Of course competitors problem is not money, but time.  Automakers around the world are realizing the importance of supercharging network and are now joining hands to build them. But how long will it take for them to catch up with Tesla will be a huge unknown and five years later no one really knows where Tesla’s supercharger network density will be.

After unveiling Mercedes-Benz’s concept electric SUV at the Paris Motor Show Dieter Zetsche,  Daimler chairman said,  “Tesla is a successful electric automotive company…[but] we want to be No. 1 by latest 2025 in the electric premium segment.”

The future of Tesla’s competition is still an unknown after Elon Musk revealed last month that the company will start building a factory in China with local funding. The Gigafactory in Shanghai is expected to cost nearly 2 billion dollars for the company with a initial  production capacity of 250,000. While Tesla keeps building capacity around the world the German Automakers continue to face the after effects of Diesel gate as the head of Volkswagen’s luxury arm Audi, Rupert Stadler was arrested in June.

“As part of an investigation into diesel affairs and Audi engines, the Munich prosecutor’s office executed an arrest warrant against Mr Professor Rupert Stadler on June 18, 2018,” the Munich prosecutor’s office said in a statement.

Thanks for reading. Just a fun response to one article I read with nearly the same title. Google it. Article is purely for entertainment purposes only. Hopefully No One Can-not laugh.

 

 

 

 

4 COMMENTS

  1. As Elon Musk was quoted as saying, “I can’t believe they’ve given us this much of a head start!”

    I went to a Jaguar iPace event a couple of days ago…nice fit and finish and a prototype with out of state plates was on display. Might be a nice car for someone who has always wanted a Jaguar or wants to brag about having a Jaguar but the specs of the car almost resemble that of a 2012 Model S, but without the Supercharging and not quite as good as what Tesla was doing…six years ago.

    I drove a plugin hybrid from a well known company last night. I was so disappointed and underwhelmed that it isn’t even worth mentioning it by name.

    Sure, the Porsche EVs are coming…from the lying, cheating and felonious Volkswagen as the Lucid Air and the car from Faraway, I mean Faraday Future.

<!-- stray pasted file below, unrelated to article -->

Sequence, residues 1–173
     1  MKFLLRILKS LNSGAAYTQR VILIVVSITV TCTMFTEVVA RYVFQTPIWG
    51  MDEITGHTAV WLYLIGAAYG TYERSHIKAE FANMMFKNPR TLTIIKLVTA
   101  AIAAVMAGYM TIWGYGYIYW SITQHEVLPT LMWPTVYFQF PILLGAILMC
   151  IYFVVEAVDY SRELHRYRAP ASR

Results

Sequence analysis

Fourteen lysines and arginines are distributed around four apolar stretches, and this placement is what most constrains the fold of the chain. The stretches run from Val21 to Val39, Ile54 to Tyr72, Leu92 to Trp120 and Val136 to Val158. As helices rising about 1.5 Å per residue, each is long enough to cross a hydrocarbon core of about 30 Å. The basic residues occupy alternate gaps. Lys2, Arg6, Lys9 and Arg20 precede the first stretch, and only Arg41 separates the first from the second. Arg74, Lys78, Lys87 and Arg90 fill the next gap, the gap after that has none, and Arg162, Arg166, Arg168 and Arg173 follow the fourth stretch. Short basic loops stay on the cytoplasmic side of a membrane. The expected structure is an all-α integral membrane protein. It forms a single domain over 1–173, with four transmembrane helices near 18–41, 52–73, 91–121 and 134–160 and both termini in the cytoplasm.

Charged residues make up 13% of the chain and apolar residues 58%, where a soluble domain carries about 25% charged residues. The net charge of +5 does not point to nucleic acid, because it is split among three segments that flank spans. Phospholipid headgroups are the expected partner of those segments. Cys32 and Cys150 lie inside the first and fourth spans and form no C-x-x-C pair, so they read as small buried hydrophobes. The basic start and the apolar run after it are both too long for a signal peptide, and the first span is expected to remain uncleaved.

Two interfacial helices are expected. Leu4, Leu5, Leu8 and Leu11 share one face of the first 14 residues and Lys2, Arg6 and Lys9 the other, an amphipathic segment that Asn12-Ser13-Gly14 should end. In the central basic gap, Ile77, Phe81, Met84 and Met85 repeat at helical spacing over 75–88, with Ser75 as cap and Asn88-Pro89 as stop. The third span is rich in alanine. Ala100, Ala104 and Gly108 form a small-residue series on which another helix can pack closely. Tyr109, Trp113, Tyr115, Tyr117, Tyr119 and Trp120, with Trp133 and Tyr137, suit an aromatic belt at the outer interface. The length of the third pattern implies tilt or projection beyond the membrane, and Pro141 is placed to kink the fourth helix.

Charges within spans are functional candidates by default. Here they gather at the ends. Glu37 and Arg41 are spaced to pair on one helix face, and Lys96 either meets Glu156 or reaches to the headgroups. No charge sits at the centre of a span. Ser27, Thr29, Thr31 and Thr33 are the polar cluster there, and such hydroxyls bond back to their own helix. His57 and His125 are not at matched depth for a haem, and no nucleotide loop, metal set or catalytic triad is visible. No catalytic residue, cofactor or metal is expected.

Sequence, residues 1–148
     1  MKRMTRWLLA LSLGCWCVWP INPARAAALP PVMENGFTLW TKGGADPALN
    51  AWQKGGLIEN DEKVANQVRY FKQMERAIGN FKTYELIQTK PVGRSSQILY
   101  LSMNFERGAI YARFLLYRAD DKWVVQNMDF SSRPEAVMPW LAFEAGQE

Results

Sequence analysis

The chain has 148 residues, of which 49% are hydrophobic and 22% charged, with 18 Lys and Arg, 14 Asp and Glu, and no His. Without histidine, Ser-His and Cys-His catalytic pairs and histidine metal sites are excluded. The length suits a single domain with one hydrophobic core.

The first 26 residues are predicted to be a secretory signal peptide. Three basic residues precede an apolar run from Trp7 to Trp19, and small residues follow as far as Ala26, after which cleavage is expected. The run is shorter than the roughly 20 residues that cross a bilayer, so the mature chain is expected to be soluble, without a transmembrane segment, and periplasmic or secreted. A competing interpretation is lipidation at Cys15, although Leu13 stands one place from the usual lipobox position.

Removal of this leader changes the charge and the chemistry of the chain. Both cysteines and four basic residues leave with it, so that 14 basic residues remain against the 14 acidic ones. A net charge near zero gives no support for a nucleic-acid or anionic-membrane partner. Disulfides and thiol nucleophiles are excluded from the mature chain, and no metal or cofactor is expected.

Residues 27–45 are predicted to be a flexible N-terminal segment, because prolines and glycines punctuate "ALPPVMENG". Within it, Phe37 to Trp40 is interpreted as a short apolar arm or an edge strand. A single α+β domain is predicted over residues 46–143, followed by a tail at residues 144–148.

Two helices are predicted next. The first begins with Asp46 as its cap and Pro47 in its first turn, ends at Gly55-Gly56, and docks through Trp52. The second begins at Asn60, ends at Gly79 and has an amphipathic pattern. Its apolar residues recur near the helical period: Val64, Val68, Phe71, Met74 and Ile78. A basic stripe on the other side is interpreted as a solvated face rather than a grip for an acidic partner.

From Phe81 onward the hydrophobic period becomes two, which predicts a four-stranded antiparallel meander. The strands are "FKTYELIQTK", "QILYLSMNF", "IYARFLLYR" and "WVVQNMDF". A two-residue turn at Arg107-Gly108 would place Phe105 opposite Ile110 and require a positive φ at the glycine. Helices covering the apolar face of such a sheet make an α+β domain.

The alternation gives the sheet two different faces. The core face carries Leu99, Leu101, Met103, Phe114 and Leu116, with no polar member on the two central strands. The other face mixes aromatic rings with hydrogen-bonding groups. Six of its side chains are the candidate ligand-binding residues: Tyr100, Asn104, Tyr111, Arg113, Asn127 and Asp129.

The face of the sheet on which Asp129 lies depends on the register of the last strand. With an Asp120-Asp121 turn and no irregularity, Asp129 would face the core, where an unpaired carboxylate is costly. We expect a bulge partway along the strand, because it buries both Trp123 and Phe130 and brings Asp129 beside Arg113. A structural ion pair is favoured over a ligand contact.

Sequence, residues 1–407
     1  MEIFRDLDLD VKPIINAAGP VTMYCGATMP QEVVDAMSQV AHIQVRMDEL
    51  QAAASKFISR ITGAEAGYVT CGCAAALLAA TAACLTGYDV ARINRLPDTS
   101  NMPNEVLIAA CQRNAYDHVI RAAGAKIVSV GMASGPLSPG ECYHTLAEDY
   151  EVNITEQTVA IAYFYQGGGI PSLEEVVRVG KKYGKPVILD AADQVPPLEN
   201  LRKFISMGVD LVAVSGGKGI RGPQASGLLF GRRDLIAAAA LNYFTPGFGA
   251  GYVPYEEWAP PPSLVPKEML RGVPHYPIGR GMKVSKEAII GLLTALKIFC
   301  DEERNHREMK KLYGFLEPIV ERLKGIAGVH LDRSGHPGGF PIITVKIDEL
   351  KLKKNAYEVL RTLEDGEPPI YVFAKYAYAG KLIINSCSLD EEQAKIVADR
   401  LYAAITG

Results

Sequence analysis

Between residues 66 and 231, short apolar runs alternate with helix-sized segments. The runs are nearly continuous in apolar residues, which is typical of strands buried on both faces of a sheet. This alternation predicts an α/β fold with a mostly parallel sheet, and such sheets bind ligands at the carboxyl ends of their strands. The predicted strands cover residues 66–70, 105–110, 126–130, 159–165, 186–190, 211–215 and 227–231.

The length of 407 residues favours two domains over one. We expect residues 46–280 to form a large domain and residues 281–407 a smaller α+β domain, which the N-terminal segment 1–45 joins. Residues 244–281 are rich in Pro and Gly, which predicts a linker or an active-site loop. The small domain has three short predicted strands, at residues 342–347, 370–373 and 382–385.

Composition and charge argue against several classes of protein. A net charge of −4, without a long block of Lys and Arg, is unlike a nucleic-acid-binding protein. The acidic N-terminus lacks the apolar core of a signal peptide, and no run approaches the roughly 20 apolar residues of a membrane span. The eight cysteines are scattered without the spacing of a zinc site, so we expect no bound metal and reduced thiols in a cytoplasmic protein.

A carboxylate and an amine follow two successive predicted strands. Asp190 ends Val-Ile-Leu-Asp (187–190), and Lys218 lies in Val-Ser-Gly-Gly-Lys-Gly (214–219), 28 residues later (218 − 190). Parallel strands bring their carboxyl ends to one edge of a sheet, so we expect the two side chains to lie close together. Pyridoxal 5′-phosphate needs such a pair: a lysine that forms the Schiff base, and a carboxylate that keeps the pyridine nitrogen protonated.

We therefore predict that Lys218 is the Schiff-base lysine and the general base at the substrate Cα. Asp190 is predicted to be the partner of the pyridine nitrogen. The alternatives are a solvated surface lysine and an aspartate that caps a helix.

Come on other car companies! Bring us your electric vehicles and you legacy automakers don’t need to be concerned with EVs making your internal combustion vehicles appear obsolete, now, do you?

    Follow the plan that Tesla has laid out, suck it up and join them with Supercharging. You might surprise yourselves..and the public!

    • Thanks for commenting. agree with your views. It’s a huge lead and very difficult to catch up. Sure they have started building EV’s but they still need to build their production capacity for batteries, then there is the question of charging network and then there is the problem of losing money while building out capacity.
      Building a great car is just one small part, there is plenty to do on top of that. so far, nearly all of them are lagging on that front.

  2. The article that this one largely parodies was the same old nonsense… Porsche this, Tesla fighter that. “Jaguar now sets the standard.” At what? Building a two hundred forty mile EV you’d have a challenging time leaving the state with? Sure, there will be CCS “all over” one day…just give it a few years or more.

    If Volkswagen Group (Porsche, Audi, et al) makes so much money on building electric vehicles, exactly why hadn’t they been aggressively building and promoting them worldwide instead of engaging in criminal activities and paying for testing of emissions on monkeys and human subjects?

    • Thanks Fan.
      yea, I really felt bad at the way they tried to spin things. Tesla has capped production at 100k for Model S and Model X. They have nearly 30 markets where they sell them. When production is capped, how can you allow all the markets to grow. You have to knowingly allow some markets to decline and some to grow. So what you do, you pick the best markets, where you want to increase market share and let others go through pain. It’s Sales 101 for dummies. The authors know this, but still. I still feel bad that they would write something like that. Guess I need to grow buffalo skin. No hatred for buffalo’s, think they have the best content resistant skin.